A columbarium (plural columbaria or columbariums) is a place for the respectful and usually public storage of cinerary urns (i.e. urns holding a deceased’s cremated remains). The term comes from the Latin columba (dove) and originally referred to compartmentalized housing for doves and pigeons; see dovecote.
Today's columbaria can be either free standing units, or part of a mausoleum or another building. Some manufacturers do produce columbaria that are built entirely off-site and brought to the cemetery by a large truck.
In some cases, columbaria are built into church structures. One example is the Cathedral of Our Lady of the Angels (Los Angeles, California), which houses a number of columbarium niches in the mausoleum built into the lower levels of the Cathedral. The construction of columbaria within churches is particularly widespread in the Czechoslovak Hussite Church: an example can be seen at the Church of St Nicolas in Old Town Square (Prague).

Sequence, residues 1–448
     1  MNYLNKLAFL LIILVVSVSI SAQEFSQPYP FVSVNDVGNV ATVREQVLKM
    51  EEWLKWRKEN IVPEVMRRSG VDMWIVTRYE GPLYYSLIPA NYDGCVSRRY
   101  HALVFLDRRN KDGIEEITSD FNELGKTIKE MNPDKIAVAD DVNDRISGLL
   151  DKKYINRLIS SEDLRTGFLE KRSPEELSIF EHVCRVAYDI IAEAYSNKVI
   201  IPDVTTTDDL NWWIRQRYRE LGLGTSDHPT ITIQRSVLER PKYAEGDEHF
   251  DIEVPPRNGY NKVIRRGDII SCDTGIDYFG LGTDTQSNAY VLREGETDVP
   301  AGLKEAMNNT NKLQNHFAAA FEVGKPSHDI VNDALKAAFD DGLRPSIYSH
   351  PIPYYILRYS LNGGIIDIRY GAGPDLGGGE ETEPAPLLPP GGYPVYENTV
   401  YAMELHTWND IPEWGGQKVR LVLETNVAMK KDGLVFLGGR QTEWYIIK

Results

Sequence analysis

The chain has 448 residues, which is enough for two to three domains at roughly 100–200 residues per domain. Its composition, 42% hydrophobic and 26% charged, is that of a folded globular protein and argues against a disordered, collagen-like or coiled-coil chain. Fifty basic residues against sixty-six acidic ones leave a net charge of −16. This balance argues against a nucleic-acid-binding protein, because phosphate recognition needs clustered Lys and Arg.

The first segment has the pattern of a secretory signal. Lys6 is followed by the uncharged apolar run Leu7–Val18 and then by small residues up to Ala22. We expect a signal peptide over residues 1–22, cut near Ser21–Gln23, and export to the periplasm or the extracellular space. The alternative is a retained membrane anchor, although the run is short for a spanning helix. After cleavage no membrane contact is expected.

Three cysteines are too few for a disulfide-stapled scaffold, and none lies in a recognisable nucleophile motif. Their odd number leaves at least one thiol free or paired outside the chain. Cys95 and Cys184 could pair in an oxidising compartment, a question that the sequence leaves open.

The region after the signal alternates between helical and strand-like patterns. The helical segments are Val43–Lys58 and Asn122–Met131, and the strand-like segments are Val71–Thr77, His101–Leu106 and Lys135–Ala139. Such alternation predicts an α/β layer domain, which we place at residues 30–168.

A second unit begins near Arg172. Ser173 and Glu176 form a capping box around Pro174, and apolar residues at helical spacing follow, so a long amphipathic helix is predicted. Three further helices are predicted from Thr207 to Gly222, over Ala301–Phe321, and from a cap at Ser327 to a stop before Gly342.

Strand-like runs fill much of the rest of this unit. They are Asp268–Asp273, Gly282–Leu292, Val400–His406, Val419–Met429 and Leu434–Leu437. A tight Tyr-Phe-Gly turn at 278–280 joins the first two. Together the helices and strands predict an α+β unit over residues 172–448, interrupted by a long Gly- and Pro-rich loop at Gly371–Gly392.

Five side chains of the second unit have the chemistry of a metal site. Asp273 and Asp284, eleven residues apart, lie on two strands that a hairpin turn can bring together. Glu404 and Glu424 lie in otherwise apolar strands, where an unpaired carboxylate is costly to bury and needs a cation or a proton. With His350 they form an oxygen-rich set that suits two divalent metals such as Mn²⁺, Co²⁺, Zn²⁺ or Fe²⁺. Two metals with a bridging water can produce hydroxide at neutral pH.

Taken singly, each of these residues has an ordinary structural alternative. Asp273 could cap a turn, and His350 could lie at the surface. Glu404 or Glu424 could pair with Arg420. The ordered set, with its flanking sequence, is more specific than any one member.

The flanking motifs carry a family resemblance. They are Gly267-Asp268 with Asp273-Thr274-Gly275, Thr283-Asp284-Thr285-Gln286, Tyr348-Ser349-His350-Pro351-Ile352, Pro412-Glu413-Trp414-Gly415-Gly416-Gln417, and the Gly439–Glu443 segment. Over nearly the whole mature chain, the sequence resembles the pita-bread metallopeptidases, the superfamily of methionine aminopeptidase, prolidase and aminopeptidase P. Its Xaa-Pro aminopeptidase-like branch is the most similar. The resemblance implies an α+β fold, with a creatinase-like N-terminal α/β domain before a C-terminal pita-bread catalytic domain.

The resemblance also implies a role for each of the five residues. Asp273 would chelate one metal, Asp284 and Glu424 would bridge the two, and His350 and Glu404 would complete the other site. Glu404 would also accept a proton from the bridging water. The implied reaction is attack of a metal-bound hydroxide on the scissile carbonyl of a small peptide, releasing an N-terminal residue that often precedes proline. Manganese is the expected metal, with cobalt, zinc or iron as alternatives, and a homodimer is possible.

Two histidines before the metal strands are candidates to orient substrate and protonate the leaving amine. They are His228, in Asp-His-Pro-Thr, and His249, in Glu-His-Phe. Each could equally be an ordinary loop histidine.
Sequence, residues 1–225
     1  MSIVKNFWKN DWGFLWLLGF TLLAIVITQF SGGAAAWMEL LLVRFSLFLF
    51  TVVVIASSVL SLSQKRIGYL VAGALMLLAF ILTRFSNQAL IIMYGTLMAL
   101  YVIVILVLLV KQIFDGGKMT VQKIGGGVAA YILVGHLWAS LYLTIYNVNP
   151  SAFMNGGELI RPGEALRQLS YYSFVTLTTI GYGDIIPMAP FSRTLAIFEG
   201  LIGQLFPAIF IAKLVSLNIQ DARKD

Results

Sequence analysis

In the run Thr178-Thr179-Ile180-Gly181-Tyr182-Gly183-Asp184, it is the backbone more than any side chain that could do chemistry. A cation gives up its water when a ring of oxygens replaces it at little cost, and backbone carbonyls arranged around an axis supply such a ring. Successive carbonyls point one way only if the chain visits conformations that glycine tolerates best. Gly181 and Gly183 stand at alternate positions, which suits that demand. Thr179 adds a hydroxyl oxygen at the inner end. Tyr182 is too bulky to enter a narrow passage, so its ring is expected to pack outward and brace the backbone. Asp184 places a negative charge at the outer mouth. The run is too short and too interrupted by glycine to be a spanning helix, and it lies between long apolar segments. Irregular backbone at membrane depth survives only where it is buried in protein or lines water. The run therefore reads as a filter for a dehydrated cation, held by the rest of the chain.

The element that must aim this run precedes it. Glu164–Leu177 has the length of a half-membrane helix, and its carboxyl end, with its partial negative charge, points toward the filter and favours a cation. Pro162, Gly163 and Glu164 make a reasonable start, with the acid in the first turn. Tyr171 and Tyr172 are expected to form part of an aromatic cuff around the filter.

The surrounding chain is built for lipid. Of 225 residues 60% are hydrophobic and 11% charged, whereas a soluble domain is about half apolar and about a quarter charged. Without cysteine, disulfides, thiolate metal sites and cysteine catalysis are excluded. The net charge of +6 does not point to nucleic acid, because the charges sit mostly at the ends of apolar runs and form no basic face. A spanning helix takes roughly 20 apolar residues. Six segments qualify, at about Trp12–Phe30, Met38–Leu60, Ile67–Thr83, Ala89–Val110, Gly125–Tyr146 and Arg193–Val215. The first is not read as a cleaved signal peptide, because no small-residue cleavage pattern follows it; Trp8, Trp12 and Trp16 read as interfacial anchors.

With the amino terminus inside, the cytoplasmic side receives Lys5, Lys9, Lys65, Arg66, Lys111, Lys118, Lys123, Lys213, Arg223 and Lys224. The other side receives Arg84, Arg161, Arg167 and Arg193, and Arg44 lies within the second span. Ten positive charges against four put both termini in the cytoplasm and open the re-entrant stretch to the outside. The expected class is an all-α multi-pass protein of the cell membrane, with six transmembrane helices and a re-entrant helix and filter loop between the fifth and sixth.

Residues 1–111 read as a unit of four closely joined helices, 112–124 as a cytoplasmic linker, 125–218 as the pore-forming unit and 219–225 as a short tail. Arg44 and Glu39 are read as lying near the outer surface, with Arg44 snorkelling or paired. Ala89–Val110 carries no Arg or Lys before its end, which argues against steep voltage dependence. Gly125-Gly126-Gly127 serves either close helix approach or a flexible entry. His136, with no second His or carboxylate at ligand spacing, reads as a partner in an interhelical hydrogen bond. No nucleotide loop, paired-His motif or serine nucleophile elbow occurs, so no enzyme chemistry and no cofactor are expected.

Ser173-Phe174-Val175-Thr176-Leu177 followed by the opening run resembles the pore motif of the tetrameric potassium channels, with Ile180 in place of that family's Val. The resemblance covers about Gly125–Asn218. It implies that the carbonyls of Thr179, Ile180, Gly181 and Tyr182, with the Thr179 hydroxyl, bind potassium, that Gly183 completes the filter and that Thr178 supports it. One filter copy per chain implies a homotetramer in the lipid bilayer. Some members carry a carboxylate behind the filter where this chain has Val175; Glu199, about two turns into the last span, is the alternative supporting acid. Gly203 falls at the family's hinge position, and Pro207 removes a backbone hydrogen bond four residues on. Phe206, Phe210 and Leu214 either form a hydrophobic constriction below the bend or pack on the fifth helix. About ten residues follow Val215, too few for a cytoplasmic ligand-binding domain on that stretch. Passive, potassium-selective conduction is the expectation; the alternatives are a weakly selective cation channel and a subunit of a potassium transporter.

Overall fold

In the Roman Catholic Church, although traditional burial is still preferred, cremation is officially permitted and the Church has become more and more open to the practice. However, cremated remains must be buried or entombed. As a result, columbaria can often be found within Catholic cemeteries. Catholic officials do tend to discourage the practice of building columbaria within church structures, due to concern over what would happen to the remains if the building were remodeled, replaced, or sold.
Columbaria are often closely similar in form to traditional Buddhist temples which from ancient times have housed cremated ashes. In Buddhism, ashes of the deceased may be placed in a columbarium (in Japanese Buddhism, a nokotsudo), which can be attached to or part of a Buddhist temple or cemetery. This practice allows for the family of the deceased to visit the temple for the conduct of traditional memorials and ancestor rites.